Accounting for baseline differences in body weight, men following the low-carb diet lost the most weight, while men on the low-fat diet and women on both the low-fat and low-carb diets all lost about the same. Below is a photo from the slide:
What Dr. Aronica is talking about in her title, i.e., The Sex Round is that when looked at strictly from the perspective of sex, this is the outcome.
But what about gender? How does behavior and likes and dislikes fit into the picture?
That’s where it gets interesting.
The dietary goal of the low-carb group was to keep net carbohydrate intake below 20 g/day. The other group–the low fat arm–was instructed to eat no more than 20g of fat per day. Members of both groups deviated from those fairly rigid dietary limits.
But who deviated the most? And from which diet?
During the year over which the study took place, the researchers spent a lot of time analyzing the dietary adherence to the above goals and measured compliance. They were able to calculate a deviation score, which is a measure of compliance to the diet. As Dr. Aronica said in her talk:
A positive score indicated a higher than average deviation from the diet (lower compliance), and a negative score indicates a lower than average deviation from the diet (higher compliance).
According to Dr. Aronica, whereas the simple weight loss measurement is a function of sex (men lost more than women), the deviation score was more a measure of gender. Compliance is more a result of likes and dislikes and personal preferences or societal molding.
Turns out that men were more compliant on low-carb diets than they were on low-fat diets. And were more compliant on the low-carb diet than were women on either the low-carb or the low-fat diet.
Women were more compliant on the low-fat diet than they were on the low-carb diet. Here is the slide showing the compliance scores. Remember the positive direction indicates lower compliance.
It’s difficult to tell from the slide above, but the men were similarly compliant on both the low-fat and the low-carb diets. It looks like there is a big difference, but it wasn’t statistically significant. What the graphic tells us is that men lost significantly more weight and body fat on the low-carb diet than they did on the low-fat one, despite being similarly compliant on both diets. For men, low-carb was the big winner.
Dr. Aronica pointed out that
the women lost similar amounts of weight and body fat on low-carb and on low-fat despite being significantly less compliant to low-carb than to low-fat.
Which, of course, tells us that those women would have doubtless lost much more on the low-carb diet had they been compliant, just like the men did.
Dr. Aronica points to gender differences in fear of fat as a reason for the lack of compliance to the low-carb diet. She says that typically men don’t have a problem with steak and other fatty foods, whereas there is
an extensive body of research indicat[ing] that fear of fat is greater in women than in men.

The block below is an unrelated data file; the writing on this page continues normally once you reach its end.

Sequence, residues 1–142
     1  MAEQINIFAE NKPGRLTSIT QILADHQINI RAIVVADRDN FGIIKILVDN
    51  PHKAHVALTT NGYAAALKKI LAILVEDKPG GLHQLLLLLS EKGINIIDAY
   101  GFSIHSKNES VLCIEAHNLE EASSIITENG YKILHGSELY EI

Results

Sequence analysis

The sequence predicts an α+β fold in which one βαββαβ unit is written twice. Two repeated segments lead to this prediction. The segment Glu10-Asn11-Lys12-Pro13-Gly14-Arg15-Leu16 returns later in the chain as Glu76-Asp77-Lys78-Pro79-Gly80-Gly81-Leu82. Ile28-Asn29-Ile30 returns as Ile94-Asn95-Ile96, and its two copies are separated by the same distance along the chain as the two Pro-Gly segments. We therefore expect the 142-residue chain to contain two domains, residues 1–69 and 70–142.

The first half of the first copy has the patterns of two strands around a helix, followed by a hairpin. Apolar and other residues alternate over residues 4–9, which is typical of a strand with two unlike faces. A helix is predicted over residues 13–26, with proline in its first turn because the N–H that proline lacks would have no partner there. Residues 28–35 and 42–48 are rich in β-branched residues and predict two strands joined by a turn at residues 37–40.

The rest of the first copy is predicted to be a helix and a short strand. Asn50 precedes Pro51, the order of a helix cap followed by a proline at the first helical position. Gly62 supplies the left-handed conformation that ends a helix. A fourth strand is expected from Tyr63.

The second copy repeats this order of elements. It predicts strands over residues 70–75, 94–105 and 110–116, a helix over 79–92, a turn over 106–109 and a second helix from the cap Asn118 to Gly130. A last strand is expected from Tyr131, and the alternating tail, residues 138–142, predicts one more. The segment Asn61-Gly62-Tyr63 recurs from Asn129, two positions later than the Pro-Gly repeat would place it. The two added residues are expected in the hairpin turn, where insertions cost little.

If this is true or not, I don’t know. I make no claims to have anything but limited knowledge of that research.
What I can say is that I doubt that female readers of this blog have a fear of fat. Or otherwise they probably wouldn’t be here. But these women were recruited for the study from the general population around Stanford and randomized into each of the diet groups. They didn’t self select.
So, if there is a generalized fear of fat among women, then it would be expected that those on the low-carb diet would be less compliant. Especially if coming from the Bay Area where every dish is served with a handful of sprouts.
In the final analysis, data from this study shows the superiority of the low-carb diet as compared to the low-fat diet for weight loss, assuming good compliance to either diet. If you take a group of men and women with similar compliance, and if they all started with a baseline weight of 100 kg (220 lbs), Dr. Aronica points out that women
lost 7 kg (15.4 lbs) on low-fat and 9 kg (19.8 lbs) on low-carb , whereas the gentlemen lost 8kg (17.6 lbs) on low-fat and 10kg (22 lbs) on low-carb.
(The difference between the men and women when all are considered at the same baseline weight is that for any given weight men generally have a larger muscle mass than women.)
The take home message is that if women are as compliant as men on low-carb diets, that’s the best way for them to lose weight and body fat.
Dr. Aronica’s presentation finally made it to YouTube. Enjoy?
Note: Dec 1, 2o2o Dr. Aronica’s paper describing the above study is now available. Enjoy!
*The word healthy when applied to diet is one of those grammatical things that drives me berserk. Healthy is a state of being. You can be healthy; I can be healthy; your dog can be healthy. But food isn’t healthy; it is healthful. Steak is healthful; junk food isn’t. So JAMA should be calling these healthful low-carb diets and healthful low-fat diets. Not healthy. At least the New York Times put “healthy” in quotes as it applied to the diets, letting those in the know that the editors at The Grey Lady knew better. I should have done the same, but I put an asterisk instead. I fear I’m fighting a losing battle on this one. I just couldn’t post it the way they wrote it without at least a mention.